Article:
The hope was that Board Chair Leah Hollins would do a better job of agenda / time management next time, and leave more than ten minutes for questions from the audience at the end of the meeting. It was not to be.
At VIHA’s next travelling road show in Duncan on June 29, 2023, Hollins started the Public Forum with such earnestness: “Our time together will help us better see what matters most to you, so we can increase our understanding and refine our thinking.” Watch video here.
In the next hour and half, the VIHA Board did nothing to increase their understanding of what matters to Cowichan Valley residents.
Instead, meeting attendees (virtual and in-person) were subjected to four presentations from Island Health staffers who took no questions, and who managed to run out the clock leaving at most five minutes for the audience to speak at the end of the meeting.
In her closing act of disrespectful tokenism, Hollins said she wanted to “take a minute to ask if there are any questions from the audience.” One brief operational question from the audience elicited a brief response from the presenter — a response that was not recorded, so those attending virtually didn’t get to hear it — and then the curtain came down.
So, for an hour and a half, the handful of VIHA Board members arrayed at the head table sat like a row of Easter Island stone head statues, neither speaking nor engaging in a single word of dialogue with the audience.
Seems like a strange way to increase their understanding of anything. But it does speak volumes about their indifference to public service, transparency and accountability. — GS
2023 PSAG Outdoor Slo-pitch Champions
On August 31st the region’s co-ed slo-pitch league managed by the Parksville Seniors Athletics Group (PSAG), in affiliation with the Parksville Golden Oldies Sports Association (PGOSA), capped their season with two championship games.
In the White Division, the Bears needed a last inning rally to overtake rivals, the Legends.
In the Red Division, the Crush won their fourth playoff game in a row to upset regular season leader the A’s. — GS
Skateboard park upgrade proposal yields new perspectives
After we published the story on the proposed skateboard park upgrade and media bias, a reader alerted us to an interesting fact that seemingly escaped the attention of PQB News and the proponents of the proposed “upgrade.” (The proposal has subsequently been changed from an upgrade to a wholesale replacement.)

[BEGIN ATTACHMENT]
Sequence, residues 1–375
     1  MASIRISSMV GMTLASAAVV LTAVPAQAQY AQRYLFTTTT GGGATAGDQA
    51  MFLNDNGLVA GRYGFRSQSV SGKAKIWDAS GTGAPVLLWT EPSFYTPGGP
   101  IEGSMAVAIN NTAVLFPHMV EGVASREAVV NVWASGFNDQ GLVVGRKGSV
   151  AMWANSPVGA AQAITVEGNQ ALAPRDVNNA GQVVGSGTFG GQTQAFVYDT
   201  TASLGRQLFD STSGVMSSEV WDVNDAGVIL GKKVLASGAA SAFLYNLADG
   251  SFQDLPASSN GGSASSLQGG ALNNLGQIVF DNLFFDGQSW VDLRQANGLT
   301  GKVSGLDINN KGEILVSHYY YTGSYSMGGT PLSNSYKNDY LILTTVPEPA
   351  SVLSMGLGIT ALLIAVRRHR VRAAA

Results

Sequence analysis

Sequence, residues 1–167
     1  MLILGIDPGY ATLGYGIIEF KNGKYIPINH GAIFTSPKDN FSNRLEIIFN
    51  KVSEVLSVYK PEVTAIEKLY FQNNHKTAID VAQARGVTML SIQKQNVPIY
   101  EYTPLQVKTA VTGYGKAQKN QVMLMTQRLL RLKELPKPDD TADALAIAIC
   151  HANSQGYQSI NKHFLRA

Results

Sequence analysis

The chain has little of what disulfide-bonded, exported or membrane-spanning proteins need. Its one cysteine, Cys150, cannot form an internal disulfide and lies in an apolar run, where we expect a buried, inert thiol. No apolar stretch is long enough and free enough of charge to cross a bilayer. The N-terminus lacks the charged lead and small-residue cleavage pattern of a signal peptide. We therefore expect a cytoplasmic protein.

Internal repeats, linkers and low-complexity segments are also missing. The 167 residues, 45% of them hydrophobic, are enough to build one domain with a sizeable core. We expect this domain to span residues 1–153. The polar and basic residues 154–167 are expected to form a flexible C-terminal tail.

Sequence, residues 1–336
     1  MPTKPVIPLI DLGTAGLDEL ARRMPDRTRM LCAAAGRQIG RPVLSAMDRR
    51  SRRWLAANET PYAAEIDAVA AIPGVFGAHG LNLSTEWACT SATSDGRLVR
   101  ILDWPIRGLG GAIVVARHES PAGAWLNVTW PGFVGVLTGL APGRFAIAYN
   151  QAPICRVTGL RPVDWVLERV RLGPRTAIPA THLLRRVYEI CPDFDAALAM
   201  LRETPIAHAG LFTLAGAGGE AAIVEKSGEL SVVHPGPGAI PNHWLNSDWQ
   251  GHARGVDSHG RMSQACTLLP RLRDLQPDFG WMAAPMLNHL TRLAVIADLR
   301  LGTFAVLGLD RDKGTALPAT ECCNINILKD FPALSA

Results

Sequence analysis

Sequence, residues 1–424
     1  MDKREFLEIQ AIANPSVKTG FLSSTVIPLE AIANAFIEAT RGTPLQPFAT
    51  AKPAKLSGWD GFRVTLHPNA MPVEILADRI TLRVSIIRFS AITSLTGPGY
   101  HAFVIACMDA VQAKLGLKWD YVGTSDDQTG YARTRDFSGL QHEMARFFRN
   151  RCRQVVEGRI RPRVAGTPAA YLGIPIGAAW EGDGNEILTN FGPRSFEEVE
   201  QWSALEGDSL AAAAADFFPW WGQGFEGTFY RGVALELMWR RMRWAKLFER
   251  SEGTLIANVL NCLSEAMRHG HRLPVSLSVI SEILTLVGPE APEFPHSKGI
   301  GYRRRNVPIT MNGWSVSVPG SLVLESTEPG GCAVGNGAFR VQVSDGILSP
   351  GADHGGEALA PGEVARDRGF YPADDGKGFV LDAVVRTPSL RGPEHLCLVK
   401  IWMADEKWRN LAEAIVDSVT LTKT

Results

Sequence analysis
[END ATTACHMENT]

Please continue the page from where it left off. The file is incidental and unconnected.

The proponents of building a new skateboard park, and the stories published by PQB News, exclaimed frequently and in language bordering on the hysterical, that QB’s existing skateboard park was “dangerous” and “urgently” needed repair.
In fact, a risk assessment of the existing skateboard park had been done in September 2022. As confirmed by CAO Lou Varela, the assessment was done, in person, by a B.C. Municipal Insurance Association professional.
The result of the professional assessment? QB’s existing skateboard park was identified as “low risk.”
In our story, we reported that a previous Council had apparently approved a lease management agreement in October 2020 with at least one of the skateboard park upgrade proponents.
Second Opinion QB contacted Councillor Anne Skipsey, current Chair of the QB Parks and Recreation Committee, about the status of that lease agreement.
We reported that “Skipsey said she was not on Council at that time and has referred our question to Town Administration. We have not yet had a response.” And we still have not received any response from Town Administration.
Periodic visits to QB’s Community Park reveal that the skateboard park has not been in much use this summer, despite the excellent weather. Skateboarders have often been seen in QB this summer though, careening along town streets.
We were apprised of a relatively new addition to the graffiti at QB’s skateboard park, unwelcome messages that seems at odds with the typical colourful but generally inoffensive skateboard park graffiti that adorns our and many other community skateboard parks.
The skateboard park upgrade proponents featured in the PQB News stories we wrote about previously “predicted” this would occur but, in our experience, this conduct is not reflective of QB’s youth.
Whomever is responsible for maintenance of QB’s skateboard park facility should be removing these message especially as many pre-school skateboarders apparently use this facility. — LS
Scene around Town – East Village roundabout rodeo
The newly-constructed roundabout in QB’s East Village was operating for many weeks without any signage.
Vehicles parked – parked! – right in the roundabout, forcing other vehicles to travel the wrong way… in an area frequented by pedestrians, especially during Farmers Market days.
You really couldn’t make this stuff up. Who’s in charge of this accident waiting to happen? We can’t wait to see the chaos when commercial delivery trucks join the rodeo. Can an ambulance or a lawyer be far behind? — LS